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Sapiens
a Brief History of Humankind

by Yuval Noah Harari, HarperCollins Publishers, 2015

Harari has a PhD in history from Oxford University. He lectures at the Hebrew University of Jerusalem, specializing in world history.

Here is a Harari line about agricultural societies growing ever larger and more complex:

Myths and fictions accustomed people, nearly from the moment of birth, to think in certain ways, to behave in accordance with certain standards, to want certain things, and to observe certain rules. They thereby created artificial instincts that enabled millions of strangers to cooopeate effecively. This network of artificial insticts is callled 'culture.'

At Amazon.com a reviewer writes:

If you think of history as an account of kings, wars, and revolutions, you won't find it in Yuval Noah Harari's Sapiens: A Brief History of Humankind. Nor will you find more than a smattering of familiar names of the "Great Men" who have supposedly bent the arc of history. This is history as you've never seen it before, history as it might have been written by an extraordinarily long-lived extraterrestrial observer. Here is Big History, the story of life on earth from the Big Bang to the present — and beyond.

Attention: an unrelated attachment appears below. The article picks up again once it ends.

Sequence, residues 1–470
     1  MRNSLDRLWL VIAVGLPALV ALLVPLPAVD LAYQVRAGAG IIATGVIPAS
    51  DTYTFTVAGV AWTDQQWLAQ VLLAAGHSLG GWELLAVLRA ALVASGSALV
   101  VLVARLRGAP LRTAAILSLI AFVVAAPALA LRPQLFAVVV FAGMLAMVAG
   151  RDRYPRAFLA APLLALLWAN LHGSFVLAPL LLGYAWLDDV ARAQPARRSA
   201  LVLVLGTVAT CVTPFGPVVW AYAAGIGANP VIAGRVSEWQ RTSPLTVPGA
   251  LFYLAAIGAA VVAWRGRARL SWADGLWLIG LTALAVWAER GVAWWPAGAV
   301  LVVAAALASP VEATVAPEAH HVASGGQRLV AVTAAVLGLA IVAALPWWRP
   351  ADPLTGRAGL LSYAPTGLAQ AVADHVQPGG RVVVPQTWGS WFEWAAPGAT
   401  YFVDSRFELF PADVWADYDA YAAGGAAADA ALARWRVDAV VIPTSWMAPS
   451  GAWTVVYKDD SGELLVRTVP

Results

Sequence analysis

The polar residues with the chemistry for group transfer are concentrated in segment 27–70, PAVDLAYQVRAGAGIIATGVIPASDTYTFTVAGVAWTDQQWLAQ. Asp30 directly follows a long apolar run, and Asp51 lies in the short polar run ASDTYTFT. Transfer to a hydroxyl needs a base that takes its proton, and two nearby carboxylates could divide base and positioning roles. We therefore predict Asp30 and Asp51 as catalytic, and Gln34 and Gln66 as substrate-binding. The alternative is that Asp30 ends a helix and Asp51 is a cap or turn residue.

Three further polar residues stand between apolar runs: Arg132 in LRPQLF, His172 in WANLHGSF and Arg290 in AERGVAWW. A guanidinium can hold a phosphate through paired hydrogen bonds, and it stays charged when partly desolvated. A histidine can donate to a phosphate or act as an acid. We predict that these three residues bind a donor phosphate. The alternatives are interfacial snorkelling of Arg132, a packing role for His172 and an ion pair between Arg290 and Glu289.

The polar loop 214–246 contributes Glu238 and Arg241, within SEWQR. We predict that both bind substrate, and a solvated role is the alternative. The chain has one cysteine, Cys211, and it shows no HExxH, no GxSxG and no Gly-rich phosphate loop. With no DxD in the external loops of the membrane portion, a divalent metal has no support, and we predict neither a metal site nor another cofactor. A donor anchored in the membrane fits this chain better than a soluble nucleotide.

Another reviewer at Amazon writes:

Harari is a masterful debunker, dramatically exposing accepted realities to be nothing more than imaginative constructs.

In his first sentence, Chapter One, Harari departs from common assumption about time, space and matter. He writes:

About 13.5 billion years ago, matter, energy, time and space came into being in what is known as the Big Bang.

Many people instead see time as something in itself (not dependent on matter in motion) and as eternal. I like Harari's view because it's my view. ("What is Time".)

Harari describes the above fundamental features of our universe as "physics ... the story of atoms, molecules and their interactions is called chemistry."

By the end of page 19, Harari has described humankind as having "extraordinary social abilities" that accompanied a newborns need for prolonged care. "Raising children," he writes, required constant help form other family members and neighbours." Evolution, he adds, favoured those capable of forming "strong social ties." Harari describes the success of our own biological species, Homo sapiens, over other humans, including Neanderthals. And he describes claims that one of the reasons for the success of Homo sapiens was its unique language – a matter he describes in Chapter Two. Ants, bees and Chimpanzees have language, he points out, but Homo sapiens could communicate with imagination beyond the simple fact of what is to imagined complexities that contribute to group cohesion.

World history is a big subject, of course, and it requires choices as to what to include. Harari covers different subjects than I did in my world history, published online only (fsmitha.com, now owned by Scott Jones of Scotland and being edited for typos.)